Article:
A Community Together, Alzheimer’s Association of RI, Carelink, Community Partners Network of RI, Economic Progress Institute, Leading Age RI, NAACP Providence Branch, Ocean State Center for Independent Living, PACE, Progreso Latino, RI Assisted Living Association, RI Elder Info, RI Health Care Association, RI Organizing Project, RI Senior Centers Directors Association, SEIU Healthcare 1199, Senior Agenda Coalition of RI and Village Common of RI.

in the high school’s new 900-seat capacity auditorium. 

To read AARP web blog articles discussing the impact of senior voters at the polls, go to: 

www.aarp.org/politics-society/government-elections/info-2022/older-voters-midterm-issues.html

www.aarp.org/content/dam/aarp/research/surveys_statistics/politics/2022/aarp-targeted-congressional-districts-survey-voters-18-older.doi.10.26419-2Fres.00550.033.pdf

https://press.aarp.org/2022-4-6-Women-Voters-Age-50-Over-Will-Decide-Balance-Power-Next-Election

America’s Seniors need House of Reps. to bring back Aging Committee

Published in RINewsToday on July 4, 2022

By Tom Spulak, Bob Weiner and Herb Weiss

With a backdrop of extensive media coverage of the ongoing Ukraine War, the Jan. 6th hearings, and covering the political postering of Republican and Democrats as the midterm elections approach (just 127 days from now), Congressman David Cicilline (D-RI) along with 50 Democratic cosponsors calls on the House of Representatives to pass his legislation, H. Res. 583, that would reestablish the House Select Committee on Aging, (HSCoA) and for Speaker Pelosi and Rules Committee Chairman Jim McGovern to schedule the necessary consideration in the House Rules Committee to enable floor action.

The Rhode Island Congressman’s effort has caught the attention of a group, including former Congressional staffers, the Leadership Council on Aging Organizations and the Strengthen Social Security Coalition (both representing over 100 million seniors age 50 and over), Execs of national aging groups, the Florida-based Claude Pepper Foundation, and a Rhode Island writer, who see the need to bring the investigative Special Committee back to put the spotlight on a myriad of aging issues that Congress must address.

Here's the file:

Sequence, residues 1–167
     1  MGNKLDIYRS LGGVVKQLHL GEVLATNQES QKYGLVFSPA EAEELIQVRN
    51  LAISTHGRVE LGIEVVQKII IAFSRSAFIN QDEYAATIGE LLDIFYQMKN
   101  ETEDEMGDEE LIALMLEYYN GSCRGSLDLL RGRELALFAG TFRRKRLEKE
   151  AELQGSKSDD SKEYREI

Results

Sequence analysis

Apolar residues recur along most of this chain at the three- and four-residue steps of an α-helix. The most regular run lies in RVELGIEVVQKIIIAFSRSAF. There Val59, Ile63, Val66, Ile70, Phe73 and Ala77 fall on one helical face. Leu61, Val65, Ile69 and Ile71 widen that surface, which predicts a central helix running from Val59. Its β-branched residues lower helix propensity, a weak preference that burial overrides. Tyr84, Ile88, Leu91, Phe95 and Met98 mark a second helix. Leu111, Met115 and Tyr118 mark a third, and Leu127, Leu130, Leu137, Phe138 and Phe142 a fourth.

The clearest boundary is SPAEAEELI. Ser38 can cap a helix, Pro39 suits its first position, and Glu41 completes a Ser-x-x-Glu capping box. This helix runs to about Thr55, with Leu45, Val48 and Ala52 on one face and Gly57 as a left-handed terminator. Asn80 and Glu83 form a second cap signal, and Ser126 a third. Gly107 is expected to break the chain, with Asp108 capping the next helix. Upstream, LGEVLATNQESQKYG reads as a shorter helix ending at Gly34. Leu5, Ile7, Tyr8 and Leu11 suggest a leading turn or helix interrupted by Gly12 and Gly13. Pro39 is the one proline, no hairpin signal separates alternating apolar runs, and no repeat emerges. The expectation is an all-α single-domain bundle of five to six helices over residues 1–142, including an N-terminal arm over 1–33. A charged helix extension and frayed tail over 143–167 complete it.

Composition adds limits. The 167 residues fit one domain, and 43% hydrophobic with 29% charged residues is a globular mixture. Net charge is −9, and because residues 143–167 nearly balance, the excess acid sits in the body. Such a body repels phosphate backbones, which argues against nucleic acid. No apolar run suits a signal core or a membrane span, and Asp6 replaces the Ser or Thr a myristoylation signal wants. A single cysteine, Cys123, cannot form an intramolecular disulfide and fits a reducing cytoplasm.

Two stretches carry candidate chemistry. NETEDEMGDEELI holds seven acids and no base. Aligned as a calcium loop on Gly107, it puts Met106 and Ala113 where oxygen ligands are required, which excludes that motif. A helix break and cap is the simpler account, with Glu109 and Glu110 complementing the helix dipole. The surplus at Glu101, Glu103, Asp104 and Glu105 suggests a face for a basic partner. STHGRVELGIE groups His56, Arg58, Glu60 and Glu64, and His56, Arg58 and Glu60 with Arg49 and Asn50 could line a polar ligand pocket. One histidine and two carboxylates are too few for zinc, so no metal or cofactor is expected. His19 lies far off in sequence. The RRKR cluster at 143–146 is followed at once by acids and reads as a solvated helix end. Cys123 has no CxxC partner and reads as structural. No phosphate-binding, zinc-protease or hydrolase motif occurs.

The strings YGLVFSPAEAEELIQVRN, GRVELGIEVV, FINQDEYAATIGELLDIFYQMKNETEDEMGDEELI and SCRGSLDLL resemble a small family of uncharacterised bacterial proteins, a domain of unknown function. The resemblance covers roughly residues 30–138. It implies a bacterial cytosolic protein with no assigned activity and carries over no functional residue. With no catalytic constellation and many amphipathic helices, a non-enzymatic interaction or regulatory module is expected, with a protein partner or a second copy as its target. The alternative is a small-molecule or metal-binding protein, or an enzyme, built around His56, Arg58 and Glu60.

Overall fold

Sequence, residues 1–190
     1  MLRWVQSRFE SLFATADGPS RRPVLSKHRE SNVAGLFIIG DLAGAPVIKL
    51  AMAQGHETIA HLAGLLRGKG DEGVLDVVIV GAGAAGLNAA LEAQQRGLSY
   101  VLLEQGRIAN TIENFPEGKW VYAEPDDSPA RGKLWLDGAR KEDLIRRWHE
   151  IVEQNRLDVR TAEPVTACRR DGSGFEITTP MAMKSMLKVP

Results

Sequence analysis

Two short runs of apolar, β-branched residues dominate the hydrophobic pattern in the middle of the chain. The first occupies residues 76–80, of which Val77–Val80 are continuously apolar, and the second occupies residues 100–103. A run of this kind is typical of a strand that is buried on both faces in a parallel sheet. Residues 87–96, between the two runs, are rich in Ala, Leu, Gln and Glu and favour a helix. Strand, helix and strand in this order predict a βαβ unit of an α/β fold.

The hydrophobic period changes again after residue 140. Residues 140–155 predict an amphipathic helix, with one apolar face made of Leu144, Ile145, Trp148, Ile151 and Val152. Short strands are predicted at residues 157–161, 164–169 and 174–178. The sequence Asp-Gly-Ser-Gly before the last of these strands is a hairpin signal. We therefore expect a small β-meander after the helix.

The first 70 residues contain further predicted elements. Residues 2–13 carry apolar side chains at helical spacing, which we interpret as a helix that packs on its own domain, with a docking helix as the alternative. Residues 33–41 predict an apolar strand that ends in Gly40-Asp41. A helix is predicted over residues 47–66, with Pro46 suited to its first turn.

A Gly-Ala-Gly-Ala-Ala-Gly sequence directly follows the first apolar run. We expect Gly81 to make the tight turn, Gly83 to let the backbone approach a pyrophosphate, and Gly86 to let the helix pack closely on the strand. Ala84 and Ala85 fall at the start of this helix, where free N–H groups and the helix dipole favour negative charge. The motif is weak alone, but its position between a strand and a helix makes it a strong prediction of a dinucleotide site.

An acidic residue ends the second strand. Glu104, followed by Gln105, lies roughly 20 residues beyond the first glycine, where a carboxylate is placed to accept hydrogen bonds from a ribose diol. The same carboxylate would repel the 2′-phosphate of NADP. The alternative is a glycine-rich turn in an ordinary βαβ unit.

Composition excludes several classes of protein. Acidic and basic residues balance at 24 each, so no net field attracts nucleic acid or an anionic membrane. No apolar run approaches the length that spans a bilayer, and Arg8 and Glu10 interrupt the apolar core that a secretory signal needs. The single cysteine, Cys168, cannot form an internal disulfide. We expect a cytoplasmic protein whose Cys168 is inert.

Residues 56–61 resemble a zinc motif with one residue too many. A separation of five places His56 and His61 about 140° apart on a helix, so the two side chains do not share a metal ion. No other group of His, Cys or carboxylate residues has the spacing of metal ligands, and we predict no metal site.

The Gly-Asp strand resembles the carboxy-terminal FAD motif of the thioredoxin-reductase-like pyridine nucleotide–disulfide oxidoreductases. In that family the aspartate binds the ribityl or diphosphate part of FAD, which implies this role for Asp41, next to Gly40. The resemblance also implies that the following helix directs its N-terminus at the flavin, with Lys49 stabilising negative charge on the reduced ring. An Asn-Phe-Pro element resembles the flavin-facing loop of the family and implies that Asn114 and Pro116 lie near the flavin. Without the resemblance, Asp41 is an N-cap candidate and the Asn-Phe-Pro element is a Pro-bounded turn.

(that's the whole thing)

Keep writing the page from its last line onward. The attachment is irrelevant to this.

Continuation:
Every day, 12,000 Americans turn 60. By 2030, nearly 75 million people in the U.S.—or 20 percent of the country—will be age 65 or older. “As America grows older, the need for support and services provided under programs like Social Security, SSI, Medicare, Medicaid and the Older Americans Act also increases,” and the need for re-establishing the House Selection Committee on Aging (HSCoA) becomes even more important.

The last two years have proven particularly difficult for older adults in our country as the coronavirus had a disparate impact on the lives of older Americans, particularly those residing in the 28,900 nation’s assisted living facilities and over 15,000 nursing homes.

Historically, the HSCoA, operational from1975 to 1993, served as a unique venue that allowed open, bipartisan debate from various ideological and philosophical perspectives to promote consensus that, in turn, helped facilitate the critical work of the standing committees. Addressing the needs of older Americans in a post-pandemic world will require this type of investigative, legislative oversight, work which can be advanced and promoted by reestablishing the HSCoA.

As Americans are aging, we also face a variety of intergenerational concerns that merit the investigation by the HSCoA, such as growing demands on family caregivers and a burgeoning retirement security crisis.